SLU medical students honor ‘incalculable gift’ of body donors with memorial service
When hundreds of people packed a memorial service at St. Louis University's Francis Xavier Church, many came to celebrate people they had never spoken to.
Medical student Stanley Wu addressed the standing room-only audience in the ornate church, letting those in the sanctuary know how much he and his classmates appreciate their departed family members.
“Every day of the last 10 weeks your loved ones have been our companions in learning,” he said during Friday’s ceremony. “They served as our guides, showing how the heart beats, how the heart contracts and how blood courses throughout our body.”
The school’s medical students each year conduct a memorial service to honor those who donated themselves to the school’s gift body program, which uses cadavers for research and instruction. This year, 372 people donated their bodies to the school so students learning to be doctors, physical therapists, physician assistants and other health professionals can study them.
During the ceremony, medical students performed music, said prayers and offered reflections on the generosity of the donors and the gratitude they felt.
“Each and every one of you has given my classmates and I an insurmountable gift,” Wu said. “Without even knowing their name or having shared spoken words, we’ve continued to interact and learn.”
SLU offers three gross anatomy courses a year in which the bodies are used. The courses frequently use cadavers to teach about body systems and let students with less experience practice surgical techniques. Sometimes practicing physicians use cadavers to work on novel procedures.
Students and professors say working on cadavers lets them appreciate the uniqueness of every patient that they’ll see.
“One thing about cadaver education is that just like our fingerprints are different, each of us is a little bit different inside,” said John Martin, director of SLU’s Center for Anatomical Science and Education.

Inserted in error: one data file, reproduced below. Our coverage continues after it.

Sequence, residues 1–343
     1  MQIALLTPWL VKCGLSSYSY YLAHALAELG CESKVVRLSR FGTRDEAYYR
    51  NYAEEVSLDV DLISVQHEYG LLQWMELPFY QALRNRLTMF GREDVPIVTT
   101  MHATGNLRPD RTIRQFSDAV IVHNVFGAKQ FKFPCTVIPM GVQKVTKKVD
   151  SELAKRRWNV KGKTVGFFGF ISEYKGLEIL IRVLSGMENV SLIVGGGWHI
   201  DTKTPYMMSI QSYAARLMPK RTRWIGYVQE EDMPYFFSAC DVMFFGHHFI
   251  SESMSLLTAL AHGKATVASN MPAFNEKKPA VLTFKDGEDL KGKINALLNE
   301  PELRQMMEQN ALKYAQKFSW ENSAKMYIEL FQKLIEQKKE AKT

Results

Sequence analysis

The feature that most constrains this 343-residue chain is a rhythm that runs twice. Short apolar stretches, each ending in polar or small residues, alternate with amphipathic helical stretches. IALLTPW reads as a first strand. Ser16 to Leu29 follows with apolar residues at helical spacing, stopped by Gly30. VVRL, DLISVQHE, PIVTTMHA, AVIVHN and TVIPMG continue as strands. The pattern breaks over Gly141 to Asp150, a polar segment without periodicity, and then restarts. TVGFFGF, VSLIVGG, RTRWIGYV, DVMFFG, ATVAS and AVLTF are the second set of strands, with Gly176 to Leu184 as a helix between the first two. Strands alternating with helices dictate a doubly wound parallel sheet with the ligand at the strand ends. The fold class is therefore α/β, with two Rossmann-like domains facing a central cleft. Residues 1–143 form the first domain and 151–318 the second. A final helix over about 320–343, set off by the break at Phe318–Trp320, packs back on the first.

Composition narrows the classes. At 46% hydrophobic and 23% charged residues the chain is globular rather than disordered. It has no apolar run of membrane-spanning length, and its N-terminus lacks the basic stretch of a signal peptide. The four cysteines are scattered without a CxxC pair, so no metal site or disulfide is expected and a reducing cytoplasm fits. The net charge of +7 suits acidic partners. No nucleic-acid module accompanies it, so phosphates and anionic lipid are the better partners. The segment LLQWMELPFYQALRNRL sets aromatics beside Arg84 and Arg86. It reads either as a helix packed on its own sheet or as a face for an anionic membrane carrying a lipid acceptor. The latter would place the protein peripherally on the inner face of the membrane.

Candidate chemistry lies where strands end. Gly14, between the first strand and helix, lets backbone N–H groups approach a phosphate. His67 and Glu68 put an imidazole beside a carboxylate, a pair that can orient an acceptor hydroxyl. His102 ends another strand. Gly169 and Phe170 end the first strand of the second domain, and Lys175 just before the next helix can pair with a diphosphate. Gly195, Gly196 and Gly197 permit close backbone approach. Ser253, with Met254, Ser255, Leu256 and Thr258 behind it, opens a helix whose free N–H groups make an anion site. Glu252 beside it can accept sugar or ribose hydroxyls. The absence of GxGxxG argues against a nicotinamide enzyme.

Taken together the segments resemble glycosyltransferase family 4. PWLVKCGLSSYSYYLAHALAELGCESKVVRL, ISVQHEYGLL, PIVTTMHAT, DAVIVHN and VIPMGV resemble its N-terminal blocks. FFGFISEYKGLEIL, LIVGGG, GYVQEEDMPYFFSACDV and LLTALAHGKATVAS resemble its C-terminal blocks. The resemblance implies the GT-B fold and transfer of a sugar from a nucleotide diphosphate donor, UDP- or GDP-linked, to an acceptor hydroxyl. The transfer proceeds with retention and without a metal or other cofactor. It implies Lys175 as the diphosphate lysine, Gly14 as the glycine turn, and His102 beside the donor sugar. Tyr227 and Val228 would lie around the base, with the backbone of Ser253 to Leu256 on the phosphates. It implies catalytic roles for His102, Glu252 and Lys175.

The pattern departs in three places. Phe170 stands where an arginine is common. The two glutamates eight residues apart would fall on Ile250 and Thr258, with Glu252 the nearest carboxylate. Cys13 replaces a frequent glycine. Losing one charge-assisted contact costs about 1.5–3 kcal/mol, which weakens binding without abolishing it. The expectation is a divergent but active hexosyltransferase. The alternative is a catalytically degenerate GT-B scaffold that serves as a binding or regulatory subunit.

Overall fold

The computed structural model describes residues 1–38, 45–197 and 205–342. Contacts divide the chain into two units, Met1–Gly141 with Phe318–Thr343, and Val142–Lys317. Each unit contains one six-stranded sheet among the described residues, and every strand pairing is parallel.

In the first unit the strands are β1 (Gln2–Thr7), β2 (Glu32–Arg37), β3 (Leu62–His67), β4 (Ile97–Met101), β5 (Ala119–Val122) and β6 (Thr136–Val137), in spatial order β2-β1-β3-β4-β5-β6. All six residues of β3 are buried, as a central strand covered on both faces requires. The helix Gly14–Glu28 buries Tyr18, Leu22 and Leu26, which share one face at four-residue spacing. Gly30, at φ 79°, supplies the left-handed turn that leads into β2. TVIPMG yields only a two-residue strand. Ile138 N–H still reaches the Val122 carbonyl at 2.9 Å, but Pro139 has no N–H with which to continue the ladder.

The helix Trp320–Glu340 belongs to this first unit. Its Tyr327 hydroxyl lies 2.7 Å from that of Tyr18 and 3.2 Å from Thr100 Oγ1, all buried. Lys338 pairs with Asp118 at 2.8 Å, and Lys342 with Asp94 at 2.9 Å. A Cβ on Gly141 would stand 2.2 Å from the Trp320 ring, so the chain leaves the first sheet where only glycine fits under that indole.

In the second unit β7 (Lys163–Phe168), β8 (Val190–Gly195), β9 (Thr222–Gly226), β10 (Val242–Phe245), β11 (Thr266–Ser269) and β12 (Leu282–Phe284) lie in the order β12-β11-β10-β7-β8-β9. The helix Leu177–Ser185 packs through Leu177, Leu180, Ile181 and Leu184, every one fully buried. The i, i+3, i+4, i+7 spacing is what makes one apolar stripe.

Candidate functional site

For example, some bodies may have their organs flipped inside their bodies, a mirror image of typical patients.
Medical student Maria Nash said working on human bodies for the first time makes her realize every patient will be an individual person with a life of their own.
“You’ll see some kind of anatomical evidence that they had a job, or they did things with their hands a lot,” Nash said, “You can kind of notice things like that and piece together a story about who you think that person may have been.”
She and other students said they didn’t understand some lessons until they saw a real body.
“There's just a lot of value in seeing how everything fits together,” Nash said. “Because if you're focusing just on muscles, that's going to be one thing in your head. But if you're focusing just on nerves, there's going to be one thing in your head. And when you see them together, and kind of how those relationships work really inside the human body.”
Since the bodies of the donors need to be transported quickly after death, many families can’t hold a traditional service, Martin said. The ceremony aims to honor the donors and their families.
“A lot of these individuals don't have a funeral, or type of service at the time of death,” he said. “So this, for some of those individuals and their families, it's their one opportunity to say goodbye.”
At the end of the ceremony, medical students laid flowers in a basket. After the ceremony, they were placed on the common grave in Saint Peter and Paul Cemetery in south St. Louis, where the donors’ cremated remains are buried.
Ken and Veronica Fix were married in the college church more than six decades ago. Both had registered to be part of the gift body program.
Veronica Fix died in May and had donated her body to the program. Her husband and children attended the service. They said visiting the ceremony in the place the two were married years before felt like a full circle moment.
Donating their bodies made perfect sense, Fix said.
“Why waste a good body if it can still do some good?” he said.
Veronica Fix had a vibrant personality, said her daughter Joyce Hill.
Hill said she's comforted by the thought that her mother's body is helping bright young people pursue a calling to help others.
“You know, it helps the next generation,” Hill said. “Maybe whatever they learn from her, they'll be able to help her great-grandchildren.”
Correction: A previous version of this story misidentified Ken Fix.